Yesterday, Activision Blizzard (NASDAQ: ATVI) passed the $1 billion sales mark for Call of Duty: Black Ops II, the latest iteration of its annual shoot-em-up blockbuster. It took just 15 days. By comparison, Microsoft's Xbox-exclusive Halo 4 sold less than half as much on its first day as Call of Duty, which passed $500 million in the first 24 hours.
CEO Bobby Kotick said, "Since Call of Duty was launched, cumulative franchise revenues from players around the world are greater than current worldwide box office receipts to date for the top-10 grossing films of 2012 combined." Since the worldwide box office total is about $8.4 billion, that's pretty dang impressive.
The market has thus far reacted with a yawn. Since Black Ops II's release on Nov. 13, Activision's stock is up by about 5%, a gain of about $600 million in market cap. That's not enough to restore the stock to its 2011 year-end level. So far, Activision's still down 6% in 2012, despite not only releasing the year's best-selling game, but also setting preorder records with the multimillion-selling Diablo III and pushing its World of Warcraft subscriber numbers back over the 10 million mark with the release of expansion pack Mists of Pandaria.
As often as I've taken my shots at Activision over the past year, I still admit that I'm a little confused by the complete non-response. Based on the figures available from presale tracking site VGChartz, I anticipated a decline in Call of Duty sales. I was wrong on that count, but the market didn't react with any excitement at all. I think I may know why, though.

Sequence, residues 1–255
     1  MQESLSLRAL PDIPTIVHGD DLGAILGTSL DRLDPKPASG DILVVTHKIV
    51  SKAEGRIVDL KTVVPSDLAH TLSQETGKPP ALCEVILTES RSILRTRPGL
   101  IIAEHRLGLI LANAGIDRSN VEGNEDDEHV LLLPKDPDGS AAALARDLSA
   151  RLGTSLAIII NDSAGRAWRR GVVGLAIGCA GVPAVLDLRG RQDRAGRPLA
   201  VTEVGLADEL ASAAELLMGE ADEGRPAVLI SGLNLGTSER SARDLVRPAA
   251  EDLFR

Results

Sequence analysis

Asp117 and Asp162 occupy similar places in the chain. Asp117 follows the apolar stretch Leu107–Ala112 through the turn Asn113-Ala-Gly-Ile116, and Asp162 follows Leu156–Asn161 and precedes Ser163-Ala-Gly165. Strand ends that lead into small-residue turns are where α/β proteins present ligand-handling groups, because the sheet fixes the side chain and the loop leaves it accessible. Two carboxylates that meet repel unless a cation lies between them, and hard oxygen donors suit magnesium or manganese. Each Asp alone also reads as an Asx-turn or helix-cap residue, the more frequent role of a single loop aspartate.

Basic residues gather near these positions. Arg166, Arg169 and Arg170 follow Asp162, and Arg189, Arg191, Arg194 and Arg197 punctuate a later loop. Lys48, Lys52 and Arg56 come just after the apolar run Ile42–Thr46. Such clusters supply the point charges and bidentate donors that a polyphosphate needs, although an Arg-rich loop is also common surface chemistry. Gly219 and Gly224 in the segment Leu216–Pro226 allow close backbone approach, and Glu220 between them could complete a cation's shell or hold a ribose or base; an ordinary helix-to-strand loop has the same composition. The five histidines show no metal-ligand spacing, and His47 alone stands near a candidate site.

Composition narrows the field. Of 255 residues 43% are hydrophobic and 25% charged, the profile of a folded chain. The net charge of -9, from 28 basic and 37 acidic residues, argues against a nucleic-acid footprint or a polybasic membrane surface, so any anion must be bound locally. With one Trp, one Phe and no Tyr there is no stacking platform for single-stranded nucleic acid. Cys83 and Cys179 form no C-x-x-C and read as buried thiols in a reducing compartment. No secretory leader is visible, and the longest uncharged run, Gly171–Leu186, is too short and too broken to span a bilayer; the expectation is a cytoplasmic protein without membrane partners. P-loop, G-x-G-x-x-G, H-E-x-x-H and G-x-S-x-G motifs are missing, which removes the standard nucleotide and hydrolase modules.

Activision's latest quarter was good enough to push its falling net income level back upward, but the long-term trend has not been particularly appealing. When I examined Activision this September, I noted that free cash flow levels have been stagnant for years. Over eight quarters, which have included not only the release of two monstrously successful Call of Duty sequels (the latest won't be included in financial totals until fourth-quarter results come out) but also the updates to two long-awaited Blizzard franchises, StarCraft II and Diablo III, free cash flow is... still stagnant.
Net income has risen, but investors appear to be paying closer attention to free cash flow, which has been a far more accurate indicator of the stock's movement in the past two years. Until this number nudges higher, we're unlikely to see any major stock-price shift. I also believe that investors are still expecting a long-term decline in World of Warcraft's subscriber base to offset any efficiency gains made from shifting to digital distribution, and also the sales gains from new franchises.
Despite branching out lately, Activision remains hugely dependent on the monthly fees generated by World of Warcraft, which has an estimated lifetime take of over $10 billion. That's a larger amount than even Call of Duty, depending on how one reads Kotick's statement. Most game studios wind up heavily dependent on one huge franchise, and its absence is acutely felt by shareholders. Take-Two Interactive (NASDAQ:TTWO) hasn't released a new Grand Theft Auto since 2008. That game was one of the best-selling titles of all time, and the anticipation surrounding its release pushed the company's stock to all-time highs, which didn't last long. The mere rumor of a new GTA in 2011 was enough to generate fresh market excitement in the slaughtered stock.
You have to hand it to Activision. They've kept to a grueling annual release schedule for Call of Duty, and gamers keep buying the titles in ever-greater numbers. I have my doubts that this is sustainable, but a more pressing concern is World of Warcraft. When (not if) the game's subscribers reach new lows next year, Activision's stock will likely reflect that exodus. It's really just a matter of time.
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